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Spirit of the Holidays vs. Spirit of Capitalism

December 29, 2012

So Christmas is over and the holiday season is coming to a close.  I just wanted to post some thoughts on Christmas and giving and Capitalism. I came across an old essay I wrote for my History of Capitalism class and it got me thinking about some things. Yesterday I was shopping in the Christmas clearance aisle at Target and it just brought it all back to me about how commercialized Christmas is.

I love Christmas. It’s never been my favorite Holiday, but I really like it. However, as an adult who works, not a student with a Christmas break, it’s harder to get into the Christmas Spirit. One thing that has changed though, is that now I have money and I absolutely LOVE getting everyone in my family a gift. This year I was able to give gifts to a lot of people and choosing the gifts and seeing them opened and appreciated made Christmas a lot of fun. I started buying Nathan’s gifts in November, because I couldn’t wait any longer, I was so excited. I have always tried to give gifts, but in the past, I have given little homemade gifts. I am not saying anything against homemade gifts, but it is definitely more fun to get things people want but can’t get themselves for Christmas. Especially because I don’t make a lot of time for myself to make homemade gifts. I told Nathan that I wanted to crochet us a tree skirt for our tree next year. Good luck to me.

One year, my family was low on money, so we made a big deal about everyone doing homemade gifts for everyone else. It was a lot of fun and very moving. Taking the money and the neediness and the commercial hunger out of Christmas was really great. It was one of the best Christmases. The next year, we tried to do the same thing, but it didn’t really work out the same way. Not everyone was able to give gifts and there was no Christmas cereal, so it was a sad Christmas. Was it sad because there weren’t enough gifts? I don’t know.

Obviously, for me, Christmas is about the birth of Christ. I didn’t do a very good job this year focusing on that directly. Instead, Christmas was about family and togetherness and Christmas hymns and most importantly, the spirit of giving. I didn’t read the Luke 2 Christmas story or watch the First Presidency Christmas message, like I usually do. But I did give a lot of people gifts and it filled my heart with joy. I hope I would have kept that joy in giving even if I had gotten nothing in return. Sometimes it’s easy to give with the expectation of getting an equal exchange. Selfish giving seems to be built into our programming sometimes. Economists or whomever say that humans are incapable of selflessness. Even doing service for others is for the sake of how good good we feel while doing it, or what other people will think of us. I don’t really look at it like that. Every action has consequences, good or bad. We give selflessly (sometimes we don’t, like when we are trying to impress people or make our selves feel better about ourselves) but a lot of times we give selflessly and it does feel good. I don’t know if Christmas time is a good example of selfless giving, because we do receive gifts back.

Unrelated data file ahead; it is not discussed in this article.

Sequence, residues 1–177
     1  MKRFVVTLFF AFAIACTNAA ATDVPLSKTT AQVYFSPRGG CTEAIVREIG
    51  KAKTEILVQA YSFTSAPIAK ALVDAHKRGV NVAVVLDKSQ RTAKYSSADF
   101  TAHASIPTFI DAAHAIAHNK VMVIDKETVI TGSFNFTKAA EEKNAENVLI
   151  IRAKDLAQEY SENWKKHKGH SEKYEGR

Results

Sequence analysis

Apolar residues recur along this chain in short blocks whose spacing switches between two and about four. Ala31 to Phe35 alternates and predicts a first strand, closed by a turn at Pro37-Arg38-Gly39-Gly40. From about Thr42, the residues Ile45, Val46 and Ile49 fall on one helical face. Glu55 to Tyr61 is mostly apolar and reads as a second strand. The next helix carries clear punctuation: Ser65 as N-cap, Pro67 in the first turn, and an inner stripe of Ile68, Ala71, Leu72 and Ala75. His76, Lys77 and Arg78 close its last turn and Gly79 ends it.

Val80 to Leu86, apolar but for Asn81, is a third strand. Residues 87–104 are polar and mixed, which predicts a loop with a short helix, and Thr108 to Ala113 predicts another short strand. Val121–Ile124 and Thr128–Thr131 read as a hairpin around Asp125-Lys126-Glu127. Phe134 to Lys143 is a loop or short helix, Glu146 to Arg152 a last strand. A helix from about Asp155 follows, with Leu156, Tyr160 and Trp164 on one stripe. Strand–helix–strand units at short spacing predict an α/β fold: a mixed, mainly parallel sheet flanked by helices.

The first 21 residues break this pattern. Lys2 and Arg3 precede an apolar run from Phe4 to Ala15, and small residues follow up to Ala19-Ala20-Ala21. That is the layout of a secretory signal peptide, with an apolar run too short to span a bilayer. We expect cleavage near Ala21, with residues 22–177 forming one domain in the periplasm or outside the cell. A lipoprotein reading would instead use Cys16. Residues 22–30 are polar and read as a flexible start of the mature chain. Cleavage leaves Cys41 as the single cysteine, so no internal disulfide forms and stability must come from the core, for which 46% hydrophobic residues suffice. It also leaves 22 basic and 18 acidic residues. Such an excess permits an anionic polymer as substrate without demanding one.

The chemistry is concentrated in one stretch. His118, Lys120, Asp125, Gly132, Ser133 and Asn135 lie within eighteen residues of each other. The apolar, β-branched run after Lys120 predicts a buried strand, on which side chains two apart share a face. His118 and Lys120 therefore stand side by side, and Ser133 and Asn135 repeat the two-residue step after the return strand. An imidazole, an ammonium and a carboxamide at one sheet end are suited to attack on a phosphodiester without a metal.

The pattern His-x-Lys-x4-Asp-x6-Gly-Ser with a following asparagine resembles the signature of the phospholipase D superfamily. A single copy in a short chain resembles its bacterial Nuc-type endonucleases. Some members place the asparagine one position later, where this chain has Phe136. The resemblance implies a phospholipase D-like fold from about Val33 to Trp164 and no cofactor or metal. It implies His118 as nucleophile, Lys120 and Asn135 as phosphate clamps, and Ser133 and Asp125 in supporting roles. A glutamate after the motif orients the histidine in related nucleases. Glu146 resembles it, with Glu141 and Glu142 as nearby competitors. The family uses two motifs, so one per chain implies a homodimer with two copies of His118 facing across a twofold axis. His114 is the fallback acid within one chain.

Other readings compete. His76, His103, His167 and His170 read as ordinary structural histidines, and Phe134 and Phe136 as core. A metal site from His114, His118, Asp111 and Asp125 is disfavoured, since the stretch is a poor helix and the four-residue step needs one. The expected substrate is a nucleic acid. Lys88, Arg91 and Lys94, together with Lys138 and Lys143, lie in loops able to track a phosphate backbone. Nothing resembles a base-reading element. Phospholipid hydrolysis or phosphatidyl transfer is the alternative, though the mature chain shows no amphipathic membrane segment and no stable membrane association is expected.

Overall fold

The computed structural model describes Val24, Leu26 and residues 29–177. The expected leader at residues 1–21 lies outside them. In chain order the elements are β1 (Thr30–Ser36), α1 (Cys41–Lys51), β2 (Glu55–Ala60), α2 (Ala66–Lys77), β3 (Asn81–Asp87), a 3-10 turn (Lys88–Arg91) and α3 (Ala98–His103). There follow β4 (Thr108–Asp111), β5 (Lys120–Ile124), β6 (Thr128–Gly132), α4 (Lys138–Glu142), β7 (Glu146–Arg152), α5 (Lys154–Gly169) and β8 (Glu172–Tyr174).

One year I participated in a giving tree thing and I bought a gift for a girl in a less fortunate family. It was an awesome present and I didn’t even get to see her open it or know if she liked it. But It felt good to know she would be getting something. So I guess what I’m trying to say is selfless giving is possible and it does happen at Christmas time. The Spirit of capitalism can be defeated, perhaps just by giving. Or at least, Christmas can be less commercialized with giving. One idea I had about how to make Christmas less commercialized has to do with Christmas wishlists.

I’ve never liked telling people what I want for Christmas. I want it to be a surprise. But everyone likes writing wishlists and kids love sending letters to Santa. I was thinking this year, that I don’t really like that practice: kids writing every single thing they want in a super long list for Santa and if they don’t’ get everything on the list, they’ll be sad. Well some kids will be happy with anything they get, and other kids just want one big thing which you already know anyway, so what’s the point of the big long list. It just encourages commercialism. When I have kids I don’t want it to be like that. My kids will get socks and books and small things from mom and dad and one big awesome meaningful thing from Santa. But their Christmas lists will be something else. A list of every person they want to give a gift to and what that gift will be. Gift-giving will help get them into the Christmas spirit. I hope.

Anyway, I hope everyone had a grand Christmas and has a very merry New Year!

Below I have included my original essay. I had to talk about three different schools of economic thought to shape the topic of Commercialism over the holidays. Warning, I read through it and it’s a tad bit cynical. It’s kind of fun to read my past self’s writing…